Earlier this year WV Strong's Dan Heyman took a look at the progress made towards legal medical marijuana in the state of West Virginia, followed up with a humorous take on the issue by WV Strong's Bil Lepp.
In a nutshell, the WV Legislature passed a bill allowing for the creation of a medical marijuana program back in 2016. The bill stated the program could begin as soon as July 2019, but there's one significant detail the bill left out. Because of federal laws regarding marijuana, traditional banking systems are unable to handle transactions related medical marijuana. The state treasurer's office has suggested work arounds to this issue based on what other states with similar laws have done, but so far the legislature has ben unwilling to act on these proposals.
As the calendar draws closer to July 2019 the need to resolve this issue grows more and more urgent. WV MetroNews reported that this was a topic of interest during the recent Interim meetings at the WV State Capitol.
Earlier this year, the state’s chief health officer, Dr. Rahul Gupta, was among several to voice the opinion that West Virginia needed to solve its “financial issues” as it pertains to medical marijuana.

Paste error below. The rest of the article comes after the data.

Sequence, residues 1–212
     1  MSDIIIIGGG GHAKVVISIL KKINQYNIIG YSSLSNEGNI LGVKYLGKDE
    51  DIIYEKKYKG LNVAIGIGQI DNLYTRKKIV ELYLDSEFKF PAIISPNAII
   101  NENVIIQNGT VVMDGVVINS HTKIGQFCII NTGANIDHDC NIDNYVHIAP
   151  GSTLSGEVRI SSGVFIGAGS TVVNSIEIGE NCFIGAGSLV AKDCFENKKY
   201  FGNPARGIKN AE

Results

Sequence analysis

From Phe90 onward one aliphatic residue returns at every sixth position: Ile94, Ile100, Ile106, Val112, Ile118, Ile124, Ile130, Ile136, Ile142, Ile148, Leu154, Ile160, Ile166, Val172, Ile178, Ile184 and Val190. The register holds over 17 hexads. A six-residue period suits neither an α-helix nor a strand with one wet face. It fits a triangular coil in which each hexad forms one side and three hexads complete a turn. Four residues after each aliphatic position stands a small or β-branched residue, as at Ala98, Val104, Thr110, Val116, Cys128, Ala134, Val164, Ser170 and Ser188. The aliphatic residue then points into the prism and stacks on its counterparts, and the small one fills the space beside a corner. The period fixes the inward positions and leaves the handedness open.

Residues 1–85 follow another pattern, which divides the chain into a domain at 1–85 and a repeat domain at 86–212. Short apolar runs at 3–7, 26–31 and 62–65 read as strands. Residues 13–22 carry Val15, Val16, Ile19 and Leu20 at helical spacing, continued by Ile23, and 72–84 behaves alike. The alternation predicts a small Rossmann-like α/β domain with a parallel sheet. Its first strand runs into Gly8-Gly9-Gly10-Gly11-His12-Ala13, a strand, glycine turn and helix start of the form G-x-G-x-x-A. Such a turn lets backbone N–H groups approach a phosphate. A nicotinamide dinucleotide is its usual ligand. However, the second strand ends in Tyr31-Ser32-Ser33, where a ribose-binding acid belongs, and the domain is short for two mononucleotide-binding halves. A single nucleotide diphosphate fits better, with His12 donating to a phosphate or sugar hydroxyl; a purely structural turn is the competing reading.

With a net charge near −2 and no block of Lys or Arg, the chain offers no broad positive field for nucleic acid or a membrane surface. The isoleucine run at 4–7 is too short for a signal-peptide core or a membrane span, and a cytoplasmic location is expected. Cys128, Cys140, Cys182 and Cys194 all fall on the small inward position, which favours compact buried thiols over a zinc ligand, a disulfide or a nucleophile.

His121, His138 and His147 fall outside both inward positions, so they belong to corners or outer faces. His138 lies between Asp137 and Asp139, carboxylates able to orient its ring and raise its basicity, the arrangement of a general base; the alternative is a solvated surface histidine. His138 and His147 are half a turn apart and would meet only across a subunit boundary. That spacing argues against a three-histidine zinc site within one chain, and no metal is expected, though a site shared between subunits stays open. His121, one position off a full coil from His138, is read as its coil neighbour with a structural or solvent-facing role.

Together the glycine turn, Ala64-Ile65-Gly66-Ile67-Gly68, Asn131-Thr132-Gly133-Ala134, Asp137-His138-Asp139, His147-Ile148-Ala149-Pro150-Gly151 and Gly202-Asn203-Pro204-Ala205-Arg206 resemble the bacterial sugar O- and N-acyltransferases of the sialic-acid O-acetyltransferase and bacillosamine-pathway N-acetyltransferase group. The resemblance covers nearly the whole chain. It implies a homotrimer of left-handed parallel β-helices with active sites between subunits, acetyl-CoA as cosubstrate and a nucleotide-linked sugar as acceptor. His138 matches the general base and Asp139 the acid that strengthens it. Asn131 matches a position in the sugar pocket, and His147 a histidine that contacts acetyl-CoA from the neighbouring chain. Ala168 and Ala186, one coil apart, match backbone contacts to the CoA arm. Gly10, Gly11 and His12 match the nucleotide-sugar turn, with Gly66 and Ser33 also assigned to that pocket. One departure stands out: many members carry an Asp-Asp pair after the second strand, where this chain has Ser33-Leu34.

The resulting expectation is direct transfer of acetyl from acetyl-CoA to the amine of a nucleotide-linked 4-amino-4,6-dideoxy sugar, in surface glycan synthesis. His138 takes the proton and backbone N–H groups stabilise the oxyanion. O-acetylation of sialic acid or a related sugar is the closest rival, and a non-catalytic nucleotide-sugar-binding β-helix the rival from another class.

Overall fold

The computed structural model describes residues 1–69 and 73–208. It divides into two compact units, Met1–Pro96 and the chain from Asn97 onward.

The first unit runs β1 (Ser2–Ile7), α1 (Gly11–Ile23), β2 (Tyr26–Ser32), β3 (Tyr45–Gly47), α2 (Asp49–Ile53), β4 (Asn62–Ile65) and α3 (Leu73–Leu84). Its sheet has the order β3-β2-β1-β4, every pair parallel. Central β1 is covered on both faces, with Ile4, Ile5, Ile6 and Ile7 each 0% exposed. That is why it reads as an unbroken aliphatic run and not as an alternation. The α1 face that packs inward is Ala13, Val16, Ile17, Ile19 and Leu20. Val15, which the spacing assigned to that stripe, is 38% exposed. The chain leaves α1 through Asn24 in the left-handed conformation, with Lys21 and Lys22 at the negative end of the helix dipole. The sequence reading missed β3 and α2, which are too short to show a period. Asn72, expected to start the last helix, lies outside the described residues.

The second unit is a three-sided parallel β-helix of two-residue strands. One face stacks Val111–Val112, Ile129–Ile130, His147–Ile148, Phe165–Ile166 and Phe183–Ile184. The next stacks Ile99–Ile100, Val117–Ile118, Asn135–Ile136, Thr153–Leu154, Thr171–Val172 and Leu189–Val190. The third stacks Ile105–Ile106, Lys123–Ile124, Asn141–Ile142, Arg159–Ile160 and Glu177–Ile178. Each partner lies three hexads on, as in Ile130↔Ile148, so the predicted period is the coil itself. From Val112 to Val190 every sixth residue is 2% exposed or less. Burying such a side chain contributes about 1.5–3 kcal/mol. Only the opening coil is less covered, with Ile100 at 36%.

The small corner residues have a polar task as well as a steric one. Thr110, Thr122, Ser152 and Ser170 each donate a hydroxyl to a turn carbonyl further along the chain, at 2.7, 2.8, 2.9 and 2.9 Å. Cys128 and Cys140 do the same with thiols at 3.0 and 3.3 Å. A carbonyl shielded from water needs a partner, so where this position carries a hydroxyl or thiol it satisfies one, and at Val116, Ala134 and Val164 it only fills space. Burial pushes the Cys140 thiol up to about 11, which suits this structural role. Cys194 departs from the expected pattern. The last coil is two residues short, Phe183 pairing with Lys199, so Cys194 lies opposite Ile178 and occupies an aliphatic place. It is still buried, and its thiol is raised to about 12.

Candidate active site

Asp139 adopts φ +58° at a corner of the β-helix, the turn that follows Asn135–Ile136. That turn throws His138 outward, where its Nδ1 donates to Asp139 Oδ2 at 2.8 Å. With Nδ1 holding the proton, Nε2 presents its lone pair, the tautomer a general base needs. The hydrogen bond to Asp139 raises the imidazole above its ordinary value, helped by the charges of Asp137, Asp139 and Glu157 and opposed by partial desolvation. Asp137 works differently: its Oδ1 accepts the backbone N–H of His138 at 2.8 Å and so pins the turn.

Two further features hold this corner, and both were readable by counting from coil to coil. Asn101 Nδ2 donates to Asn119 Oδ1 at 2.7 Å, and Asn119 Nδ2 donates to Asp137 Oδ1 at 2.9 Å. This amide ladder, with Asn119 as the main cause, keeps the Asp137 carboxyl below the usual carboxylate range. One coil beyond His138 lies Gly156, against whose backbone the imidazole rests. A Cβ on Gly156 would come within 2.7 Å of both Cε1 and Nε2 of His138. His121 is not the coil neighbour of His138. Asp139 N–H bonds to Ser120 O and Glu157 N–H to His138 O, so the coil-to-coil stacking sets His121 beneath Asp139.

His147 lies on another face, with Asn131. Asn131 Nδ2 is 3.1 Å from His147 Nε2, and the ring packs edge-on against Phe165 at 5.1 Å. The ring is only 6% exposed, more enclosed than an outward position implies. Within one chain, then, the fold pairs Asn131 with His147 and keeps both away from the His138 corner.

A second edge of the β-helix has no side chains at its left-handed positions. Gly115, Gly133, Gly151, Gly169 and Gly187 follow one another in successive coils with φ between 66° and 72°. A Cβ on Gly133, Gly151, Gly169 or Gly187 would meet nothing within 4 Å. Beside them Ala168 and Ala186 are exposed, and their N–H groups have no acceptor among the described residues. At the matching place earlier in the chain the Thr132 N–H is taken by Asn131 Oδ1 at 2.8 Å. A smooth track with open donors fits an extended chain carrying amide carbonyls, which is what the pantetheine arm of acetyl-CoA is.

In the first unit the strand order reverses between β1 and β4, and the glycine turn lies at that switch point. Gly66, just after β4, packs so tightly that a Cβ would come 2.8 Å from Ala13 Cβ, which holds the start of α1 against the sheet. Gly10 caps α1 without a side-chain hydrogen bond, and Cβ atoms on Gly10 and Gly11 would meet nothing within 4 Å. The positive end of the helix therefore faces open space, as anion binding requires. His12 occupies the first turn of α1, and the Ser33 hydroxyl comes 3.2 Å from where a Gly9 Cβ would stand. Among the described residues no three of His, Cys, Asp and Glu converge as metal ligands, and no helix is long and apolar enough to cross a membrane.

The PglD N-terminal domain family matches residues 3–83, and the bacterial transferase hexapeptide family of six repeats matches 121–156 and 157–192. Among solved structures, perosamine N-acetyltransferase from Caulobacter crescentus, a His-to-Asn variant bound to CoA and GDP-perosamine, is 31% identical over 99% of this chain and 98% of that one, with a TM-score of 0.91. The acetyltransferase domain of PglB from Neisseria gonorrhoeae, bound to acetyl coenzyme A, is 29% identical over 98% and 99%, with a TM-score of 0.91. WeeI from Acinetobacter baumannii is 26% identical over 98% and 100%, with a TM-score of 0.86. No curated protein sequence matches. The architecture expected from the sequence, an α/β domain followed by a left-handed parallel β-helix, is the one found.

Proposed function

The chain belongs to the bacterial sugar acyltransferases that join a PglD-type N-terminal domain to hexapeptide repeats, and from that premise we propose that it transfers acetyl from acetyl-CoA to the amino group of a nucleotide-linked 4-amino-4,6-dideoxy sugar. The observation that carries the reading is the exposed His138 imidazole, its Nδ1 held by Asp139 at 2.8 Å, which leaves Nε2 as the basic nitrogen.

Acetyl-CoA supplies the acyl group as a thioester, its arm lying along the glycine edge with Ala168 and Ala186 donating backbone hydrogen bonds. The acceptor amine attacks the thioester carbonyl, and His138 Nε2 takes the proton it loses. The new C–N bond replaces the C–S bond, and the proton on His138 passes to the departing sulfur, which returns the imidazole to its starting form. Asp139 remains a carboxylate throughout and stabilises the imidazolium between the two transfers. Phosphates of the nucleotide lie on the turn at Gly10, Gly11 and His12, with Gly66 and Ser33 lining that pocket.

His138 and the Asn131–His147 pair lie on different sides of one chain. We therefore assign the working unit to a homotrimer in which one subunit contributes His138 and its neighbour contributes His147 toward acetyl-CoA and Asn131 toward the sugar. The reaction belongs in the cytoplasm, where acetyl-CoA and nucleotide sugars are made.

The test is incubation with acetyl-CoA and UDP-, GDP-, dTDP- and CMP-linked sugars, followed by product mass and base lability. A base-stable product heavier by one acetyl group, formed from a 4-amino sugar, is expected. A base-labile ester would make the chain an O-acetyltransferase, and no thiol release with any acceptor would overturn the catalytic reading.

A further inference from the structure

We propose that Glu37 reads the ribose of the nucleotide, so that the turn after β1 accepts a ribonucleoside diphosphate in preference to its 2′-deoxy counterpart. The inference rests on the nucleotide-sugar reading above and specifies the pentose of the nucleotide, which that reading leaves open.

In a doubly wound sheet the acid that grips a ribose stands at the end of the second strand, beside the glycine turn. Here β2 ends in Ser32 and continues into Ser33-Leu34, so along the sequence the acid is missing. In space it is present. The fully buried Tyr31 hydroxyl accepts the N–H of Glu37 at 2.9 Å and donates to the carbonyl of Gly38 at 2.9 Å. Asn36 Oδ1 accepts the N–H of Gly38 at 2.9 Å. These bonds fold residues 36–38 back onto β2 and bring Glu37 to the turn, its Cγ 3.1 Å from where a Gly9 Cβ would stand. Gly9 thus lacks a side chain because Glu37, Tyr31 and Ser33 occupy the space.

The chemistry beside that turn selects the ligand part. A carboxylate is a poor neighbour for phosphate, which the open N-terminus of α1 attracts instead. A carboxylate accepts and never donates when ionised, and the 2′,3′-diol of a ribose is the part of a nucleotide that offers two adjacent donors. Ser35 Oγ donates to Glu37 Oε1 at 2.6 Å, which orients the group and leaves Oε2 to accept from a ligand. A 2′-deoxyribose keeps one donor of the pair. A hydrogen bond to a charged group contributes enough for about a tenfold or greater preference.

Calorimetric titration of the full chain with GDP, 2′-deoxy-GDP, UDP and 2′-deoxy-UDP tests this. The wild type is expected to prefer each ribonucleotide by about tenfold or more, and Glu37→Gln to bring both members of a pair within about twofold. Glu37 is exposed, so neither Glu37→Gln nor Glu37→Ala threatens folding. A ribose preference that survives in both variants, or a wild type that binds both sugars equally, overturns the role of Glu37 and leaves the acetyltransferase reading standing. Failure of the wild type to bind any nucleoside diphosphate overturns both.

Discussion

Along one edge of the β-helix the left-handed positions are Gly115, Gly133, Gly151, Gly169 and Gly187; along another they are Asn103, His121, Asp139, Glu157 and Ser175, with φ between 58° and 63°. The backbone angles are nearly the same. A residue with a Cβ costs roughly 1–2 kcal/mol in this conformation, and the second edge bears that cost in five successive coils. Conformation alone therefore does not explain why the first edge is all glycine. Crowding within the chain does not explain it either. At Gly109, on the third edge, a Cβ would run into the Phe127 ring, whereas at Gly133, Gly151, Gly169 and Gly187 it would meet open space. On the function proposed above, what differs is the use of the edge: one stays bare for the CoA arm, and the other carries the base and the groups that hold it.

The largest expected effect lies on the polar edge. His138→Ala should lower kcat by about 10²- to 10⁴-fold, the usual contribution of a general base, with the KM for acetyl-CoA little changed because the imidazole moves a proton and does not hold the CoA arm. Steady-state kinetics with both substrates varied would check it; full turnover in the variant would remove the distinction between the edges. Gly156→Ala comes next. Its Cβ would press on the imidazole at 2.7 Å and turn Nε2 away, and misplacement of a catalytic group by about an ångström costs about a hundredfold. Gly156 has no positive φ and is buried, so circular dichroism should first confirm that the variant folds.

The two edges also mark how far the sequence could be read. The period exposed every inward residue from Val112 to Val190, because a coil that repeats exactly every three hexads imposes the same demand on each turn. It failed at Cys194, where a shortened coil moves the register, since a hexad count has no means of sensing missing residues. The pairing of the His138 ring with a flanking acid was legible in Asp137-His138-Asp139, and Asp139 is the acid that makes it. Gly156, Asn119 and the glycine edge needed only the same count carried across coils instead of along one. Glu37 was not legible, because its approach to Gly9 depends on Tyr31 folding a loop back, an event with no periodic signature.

In March, Assistant Treasurer Josh Stowers told MetroNews that banks informed the office they are “uncomfortable” and “unwilling” to process funds relating to medical cannabis because the drug is still illegal on the federal level.
Two potential options have included creating a state-run bank or paying a vendor to create a “closed-loop” system for purchases of medical cannabis.
“We looked at this and really tried hard to find a way to do it without legislation, but we truly believe that legislation will be required for us to move forward even if we would bid this out,” Stout said. “Hopefully we would find somebody that would actually bid, but we have no guarantee of that.”
Discussion also focused on the potential use of a ‘cash-only economy’ for medical marijuana, but Stout said banking and credit union interest was limited.
With a new Speaker in the house of delegates and an election on the horizon anything is possible, but for now progress appears slow. In other words, it's business as usual down in Charleston.